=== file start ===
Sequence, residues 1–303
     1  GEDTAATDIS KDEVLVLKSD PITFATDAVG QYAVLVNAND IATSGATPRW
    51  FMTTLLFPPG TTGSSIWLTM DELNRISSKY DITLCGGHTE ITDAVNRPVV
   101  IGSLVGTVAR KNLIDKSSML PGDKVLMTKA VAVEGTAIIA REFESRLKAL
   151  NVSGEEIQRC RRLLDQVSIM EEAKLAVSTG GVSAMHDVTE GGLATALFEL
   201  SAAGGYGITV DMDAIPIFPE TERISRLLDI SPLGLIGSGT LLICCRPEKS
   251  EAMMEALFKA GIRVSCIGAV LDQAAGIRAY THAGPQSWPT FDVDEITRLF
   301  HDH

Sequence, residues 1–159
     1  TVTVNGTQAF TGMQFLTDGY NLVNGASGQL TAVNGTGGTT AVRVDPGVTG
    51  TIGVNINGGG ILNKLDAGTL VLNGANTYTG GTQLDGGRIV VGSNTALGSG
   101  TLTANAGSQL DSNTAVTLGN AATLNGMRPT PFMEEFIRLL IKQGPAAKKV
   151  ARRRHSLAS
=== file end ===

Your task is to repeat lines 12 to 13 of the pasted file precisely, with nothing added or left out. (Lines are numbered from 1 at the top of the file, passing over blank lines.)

   101  TLTANAGSQL DSNTAVTLGN AATLNGMRPT PFMEEFIRLL IKQGPAAKKV
   151  ARRRHSLAS